After a heavy workout or bouts of intense physical activity, your muscles will feel very sore. Despite this sore feeling in your muscles, you feel accomplished and want to do more but the aches and pains are too much. How do you proceed from there? Well you’re in luck, because below are five easy steps you can take to quickly provide relief for your sore muscles.
Step 1. Have an adequate resting period.
Especially if the soreness was caused as a result of a fitness routine designed to terrorize your muscles, you should allow yourself a minimum of 48 hours before working the same muscle groups again.
During this resting period, do not attempt to use more than 50% of the effort that you exerted in the first place that caused the soreness. This is so that you can still be active and have a reasonable limit to work rather than remaining sedentary.
If you are indeed weightlifting, schedule your workouts so that you are alternating between muscle groups on different days to allow certain muscle groups to relax even on workout days. For example, doing a chest workout and then doing a back workout the following day would be okay. Doing a chest workout followed by a tricep workout would be too much for your triceps, since they may not have recovered from the chest day workout (chest exercises often involve the triceps).
Step 2. Stretch the muscles.
Stretching your muscles is a great way to improve your posture, increase your flexibility, and it feels very satisfying in general. If combined with a weightlifting routine, stretch before and after the workout for the greatest effect.
Stretching before any sort of physical activity is good as improved flexibility can allow your body to move more freely and readily which will increase your performance and decrease the chances of injury.
Step 3. Massage your muscles
As a result of exercise, tiny micro-tears will open up in your muscle fibers. The body, as a natural response, will inflame these tears, causing swelling. A good massage can lower the amount of cytokines that the body produces, which will decrease the effect of the inflammation.
A good way to massage yourself can be with a foam roller. Foam rollers are a great, beneficial, and effective tool for myofascial release and to loosen up tight muscles. This also provides more flexibility, and can be done back to back with stretching for a great synergistic effect.
Some other ways to massage yourself can be through tennis balls. Get a tennis ball, place it on a tight spot on your body (e.g. middle of back) and press the ball hard on a wall and roll out your kinks. This is essentially a poor man’s foam roller, but it is also highly effective.
Failing that, you can massage yourself by hand or ask someone to help massage you. If you have the money, seek a massage therapist and direct them to the sore muscle parts that are aggravating you. Getting a massage is extremely therapeutic and healing.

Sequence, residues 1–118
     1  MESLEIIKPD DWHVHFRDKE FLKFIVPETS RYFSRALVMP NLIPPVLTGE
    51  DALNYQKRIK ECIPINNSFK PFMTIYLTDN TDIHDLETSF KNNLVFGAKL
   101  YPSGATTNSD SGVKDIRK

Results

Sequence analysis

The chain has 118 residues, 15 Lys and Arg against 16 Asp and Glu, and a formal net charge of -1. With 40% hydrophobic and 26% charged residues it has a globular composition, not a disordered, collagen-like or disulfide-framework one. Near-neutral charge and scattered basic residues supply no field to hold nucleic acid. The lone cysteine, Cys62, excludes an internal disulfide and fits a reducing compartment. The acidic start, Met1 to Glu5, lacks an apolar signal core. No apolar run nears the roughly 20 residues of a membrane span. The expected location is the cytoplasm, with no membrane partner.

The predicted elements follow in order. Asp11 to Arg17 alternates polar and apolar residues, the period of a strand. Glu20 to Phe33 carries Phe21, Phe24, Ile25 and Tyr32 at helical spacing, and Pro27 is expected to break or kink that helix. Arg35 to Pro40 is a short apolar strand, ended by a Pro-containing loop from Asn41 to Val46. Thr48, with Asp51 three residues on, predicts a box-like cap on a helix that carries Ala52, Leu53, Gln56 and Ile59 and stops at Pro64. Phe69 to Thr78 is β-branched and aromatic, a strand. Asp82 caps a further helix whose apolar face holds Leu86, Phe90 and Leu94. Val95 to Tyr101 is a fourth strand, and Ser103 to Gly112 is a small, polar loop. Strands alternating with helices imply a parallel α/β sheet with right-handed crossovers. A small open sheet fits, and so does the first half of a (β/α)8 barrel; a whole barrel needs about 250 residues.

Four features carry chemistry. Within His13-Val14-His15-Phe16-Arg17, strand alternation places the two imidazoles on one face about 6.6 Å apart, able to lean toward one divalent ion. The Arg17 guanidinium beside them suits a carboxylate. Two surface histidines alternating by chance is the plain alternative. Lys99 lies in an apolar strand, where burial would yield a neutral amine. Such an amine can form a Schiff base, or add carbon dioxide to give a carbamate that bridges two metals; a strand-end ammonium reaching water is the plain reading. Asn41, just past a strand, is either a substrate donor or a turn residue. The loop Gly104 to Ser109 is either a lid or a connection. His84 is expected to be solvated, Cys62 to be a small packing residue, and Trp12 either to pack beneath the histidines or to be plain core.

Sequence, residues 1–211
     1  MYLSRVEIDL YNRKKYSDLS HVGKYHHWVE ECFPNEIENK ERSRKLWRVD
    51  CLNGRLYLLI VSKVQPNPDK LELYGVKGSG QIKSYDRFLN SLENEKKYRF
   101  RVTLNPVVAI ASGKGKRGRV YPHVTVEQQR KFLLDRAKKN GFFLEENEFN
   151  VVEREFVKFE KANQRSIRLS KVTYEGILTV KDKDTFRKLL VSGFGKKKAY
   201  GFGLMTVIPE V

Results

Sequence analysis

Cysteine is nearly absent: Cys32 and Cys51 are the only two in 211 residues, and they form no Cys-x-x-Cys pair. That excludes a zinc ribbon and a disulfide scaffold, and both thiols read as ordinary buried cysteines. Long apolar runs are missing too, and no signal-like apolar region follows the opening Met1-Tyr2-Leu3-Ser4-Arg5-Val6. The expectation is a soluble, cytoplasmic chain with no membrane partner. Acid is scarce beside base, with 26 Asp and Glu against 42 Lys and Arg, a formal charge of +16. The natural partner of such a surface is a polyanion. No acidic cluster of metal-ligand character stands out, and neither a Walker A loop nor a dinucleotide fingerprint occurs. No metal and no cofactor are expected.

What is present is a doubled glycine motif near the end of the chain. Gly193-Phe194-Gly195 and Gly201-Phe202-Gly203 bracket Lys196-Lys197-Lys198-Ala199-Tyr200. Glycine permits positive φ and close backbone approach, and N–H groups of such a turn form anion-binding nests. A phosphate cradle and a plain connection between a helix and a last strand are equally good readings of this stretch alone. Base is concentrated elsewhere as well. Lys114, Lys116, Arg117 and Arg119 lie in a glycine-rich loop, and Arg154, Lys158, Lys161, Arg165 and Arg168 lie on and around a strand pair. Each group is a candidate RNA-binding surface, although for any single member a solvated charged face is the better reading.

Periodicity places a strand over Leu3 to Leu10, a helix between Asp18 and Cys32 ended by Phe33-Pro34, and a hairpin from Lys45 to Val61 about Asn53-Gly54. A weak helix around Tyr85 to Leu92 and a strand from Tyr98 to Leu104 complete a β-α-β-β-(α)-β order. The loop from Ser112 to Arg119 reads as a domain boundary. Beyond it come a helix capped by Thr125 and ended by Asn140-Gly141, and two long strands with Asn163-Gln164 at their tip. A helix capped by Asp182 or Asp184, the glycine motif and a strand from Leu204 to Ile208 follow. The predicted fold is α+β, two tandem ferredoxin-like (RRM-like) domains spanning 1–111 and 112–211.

Step 4. Ice the muscle
It is recommended to apply ice on the muscles immediately following physical activity, especially if you anticipate debilitating soreness setting in. Icing will help to reduce inflammation, thus providing more lasting relief.
It is important to remember that when you are icing your muscles, you are not directly applying the ice to the area. Wrap the ice up in a bag, towel, or anything that will prevent direct contact from occurring.
Step 5. Apply heat
After 24 hours since experience soreness, it may be a good idea to consider heating (before that, icing should be done). Applying heat to the tender area can help blood flow to that area. This assists with rebuilding the muscle as well as generally feeling good.
Taking a warm shower is probably the easiest solution in this case, as you can envelop your entire body in warm water. At this point, you can also try a hydrotherapy treatment by alternating between warm and cool water (don’t get too extreme here) for 30 seconds each, alternating for 5-10 minutes.
Bonus step: Take some medications such as NSAIDS
NSAID stands for non-steroidal anti-inflammatory drugs. These can be acquired in various forms, some with names you may not be familiar with: Ibuprofen (Advil, Motrin), aspirin, naproxen (Aleve) or some of the common ones.
It is important to note that if you are under 18, of the person you’re helping is under 18, avoid aspirin as it can potentially cause a hazardous disease known as Reye’s syndrome to occur. This can result in brain damage.
On a closing note, try to avoid taking medication on a regular basis. The body can build up an immunity over time, and medication can have a wide range of side effects that you may be flirting with each time you take one. In this case, NSAIDS can eventually negatively impact the body’s ability to repair its muscles. Try to keep to more natural ways (i.e. not involving medication) of treating muscle pain if possible.
Photo Credit: Kensington Osteopathy Adelaide